Any rice has three edible parts namely the bran, the germ and the endosperm. Although we feel brown rice is synonymous with whole grain rice, most of them look similarly white once the bran and the germ portions are removed. Each variety of rice has its own nutritional profile, benefits and different processing methods, but the most popular ones include white and brown rice. Even with umpteen varieties available, still white rice is the most commonly consumed rice type feeding over half the global population contributing to one-fifth of their calories consumed.
Red, Brown, Purple and More…
The nutritional value of any rice differs according to the soil used to grow the rice, polishing or processing methods used, the way it is enriched and finally the preparation method used to cook the rice. The first step after harvesting any rice is to remove the hull from it to make the rice edible. Further milling can remove the bran and germ portion giving you the most-popular white rice.
Color, Color What Color Do You Choose?
The staple food of different Asian countries, white rice is the result of removal of the husk, bran and germ which also removes many of the key nutrients such as vitamins, iron, zinc and magnesium. Further, short-grain white rice has a high glycemic index making it disadvantageous to health. Still, white rice is extremely versatile and used in innumerable international dishes.
Parboiled rice gets its name so because it is partially boiled in the husk. This step makes it almost 80 percent similar to brown rice with better fiber, calcium and potassium content than white rice. It contains a lower glycemic index than white rice and can be used as a replacement for white rice, with better nutrients.
Brown rice is produced when only the outermost layer of a grain of rice (the husk) is removed. It undergoes minimal processing retaining most of the nutrients like calcium, magnesium, thiamine, potassium, fiber and protein. Having a shelf life of almost 6 months, it needs longer cooking time.
Black or Purple Rice
A spoonful of black rice provides you more antioxidants than blueberries with less sugar and more fiber. The black rice turns deep purple after cooking because of the anthocyanin (antioxidant) content. Black rice is also rich in iron and vitamin E.
Red rice also derives its color from anthocyanins, like black rice. This antioxidant safeguards our body against heart diseases, diabetes and cancer. Research has proved red rice to be the best among all rice types for its rich nutrition content. It has got 10 times the antioxidant content of brown rice and contributes to almost 20 percent of the daily values of magnesium, phosphorus and molybdenum.
Germinated Brown Rice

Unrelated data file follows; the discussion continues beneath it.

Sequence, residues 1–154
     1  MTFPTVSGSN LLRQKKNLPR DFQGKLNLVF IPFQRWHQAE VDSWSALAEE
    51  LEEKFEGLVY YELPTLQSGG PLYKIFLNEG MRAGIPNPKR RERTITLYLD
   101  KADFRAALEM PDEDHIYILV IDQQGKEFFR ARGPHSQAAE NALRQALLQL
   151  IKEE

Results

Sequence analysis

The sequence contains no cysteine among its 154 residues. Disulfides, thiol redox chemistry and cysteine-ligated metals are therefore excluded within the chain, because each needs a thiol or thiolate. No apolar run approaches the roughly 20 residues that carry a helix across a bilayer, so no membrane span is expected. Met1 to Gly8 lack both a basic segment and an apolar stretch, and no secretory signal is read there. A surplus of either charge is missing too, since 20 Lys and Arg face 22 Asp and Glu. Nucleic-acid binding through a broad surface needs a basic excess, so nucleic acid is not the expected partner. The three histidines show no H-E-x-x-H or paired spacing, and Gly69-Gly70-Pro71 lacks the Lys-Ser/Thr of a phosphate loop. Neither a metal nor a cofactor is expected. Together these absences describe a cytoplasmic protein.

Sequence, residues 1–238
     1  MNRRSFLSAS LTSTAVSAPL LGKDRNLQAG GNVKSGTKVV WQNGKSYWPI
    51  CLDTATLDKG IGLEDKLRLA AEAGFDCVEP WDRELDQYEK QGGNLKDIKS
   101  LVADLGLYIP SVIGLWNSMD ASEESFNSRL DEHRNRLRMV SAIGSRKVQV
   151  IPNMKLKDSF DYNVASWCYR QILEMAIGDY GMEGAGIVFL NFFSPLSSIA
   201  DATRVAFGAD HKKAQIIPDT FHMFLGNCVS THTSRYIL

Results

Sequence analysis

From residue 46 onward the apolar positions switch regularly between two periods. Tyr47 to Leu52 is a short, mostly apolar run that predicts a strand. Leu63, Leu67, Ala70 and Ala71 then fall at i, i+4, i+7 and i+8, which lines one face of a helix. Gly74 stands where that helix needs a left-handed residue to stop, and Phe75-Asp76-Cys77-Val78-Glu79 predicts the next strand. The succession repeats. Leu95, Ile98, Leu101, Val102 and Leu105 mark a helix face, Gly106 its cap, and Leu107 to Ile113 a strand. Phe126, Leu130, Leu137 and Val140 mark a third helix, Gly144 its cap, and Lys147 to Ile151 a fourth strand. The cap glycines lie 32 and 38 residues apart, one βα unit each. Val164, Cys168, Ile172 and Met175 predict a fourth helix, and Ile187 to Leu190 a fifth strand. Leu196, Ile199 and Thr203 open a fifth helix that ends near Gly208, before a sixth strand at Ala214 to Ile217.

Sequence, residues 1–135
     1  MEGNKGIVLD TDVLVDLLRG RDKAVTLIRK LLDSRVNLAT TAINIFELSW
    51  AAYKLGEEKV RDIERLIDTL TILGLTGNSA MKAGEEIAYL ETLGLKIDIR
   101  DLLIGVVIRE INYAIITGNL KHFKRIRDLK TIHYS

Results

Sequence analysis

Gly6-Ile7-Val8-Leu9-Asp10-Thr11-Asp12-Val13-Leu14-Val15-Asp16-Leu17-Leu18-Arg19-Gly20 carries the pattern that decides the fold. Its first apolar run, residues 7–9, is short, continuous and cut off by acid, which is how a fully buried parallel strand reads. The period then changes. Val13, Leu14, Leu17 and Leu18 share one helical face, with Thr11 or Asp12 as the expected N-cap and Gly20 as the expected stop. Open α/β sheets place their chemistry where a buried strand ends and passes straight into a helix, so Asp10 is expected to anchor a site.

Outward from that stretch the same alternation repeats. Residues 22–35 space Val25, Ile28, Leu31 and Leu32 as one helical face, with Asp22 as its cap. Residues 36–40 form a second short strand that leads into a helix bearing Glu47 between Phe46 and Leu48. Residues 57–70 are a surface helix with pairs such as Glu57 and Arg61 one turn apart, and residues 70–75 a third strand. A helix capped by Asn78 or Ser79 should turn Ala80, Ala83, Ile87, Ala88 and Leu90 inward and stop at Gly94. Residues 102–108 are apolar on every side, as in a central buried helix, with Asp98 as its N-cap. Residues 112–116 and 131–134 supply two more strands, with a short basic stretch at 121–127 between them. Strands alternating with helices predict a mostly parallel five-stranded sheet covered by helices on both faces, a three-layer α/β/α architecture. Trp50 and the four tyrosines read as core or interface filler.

Germinated brown rice is usually soaked in water between 8 and 24 hours to trigger germination. This increases the nutritional value and also helps to decrease oxidative stress.
Ready to Shift Gears?
It is clearly identified that colored rice has better health potential than white rice. Nutrition studies quote that the pigment in red and black rice are protective against chronic diseases. Certain studies reveal that the rice bran provides protection against cancers of the breast, lungs, colorectal and liver. The phytochemicals present in the rice bran protect against tissue damage by free radicals.
There are also specialty rices such as basmati, jasmine, japonica and risotto. Providing 20% of the world’s dietary energy supply, every 100 grams of cooked white rice supplies 130 calories. Being the most important plant-based food, it can be consumed along with fruits, vegetables, whole grains and legumes.
Get in touch with a registered dietitian nutritionist at www.firsteatright.com to plan the correct rice portions that can be incorporated in your daily diet schedule for a healthy meal.
Almost 85 percent of women in their childbearing years suffer from some form of premenstrual syndrome. Tender breasts, weight gain, bloating, abdominal pain, swelling in feet, hands and ankles, headaches, anxiety and depression are some of the most common symptoms.
The main reason behind PMS is still unknown, even after extensive research in this area. This medical condition can be diagnosed only by your physician and once you are diagnosed with PMS, your doctor would ask you to maintain a symptom log where you are asked to note any physical, emotional and mental changes that occur during a time span of two to three months. This helps to answer questions such as: What is the time duration of a symptom? When does it occur? Does a certain food or beverage trigger this symptom? Do you gain more weight at a certain time in your cycle?
Diet and PMS
While there is no preventive measure against PMS, leading a healthy lifestyle and choosing nutritious foods can help relieve some of the symptoms.
Effective techniques to minimize symptoms include:
AVOID FRAUD. EAT SMART.
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Dietitian & Nutritionist Dr. Nafeesa Imteyaz.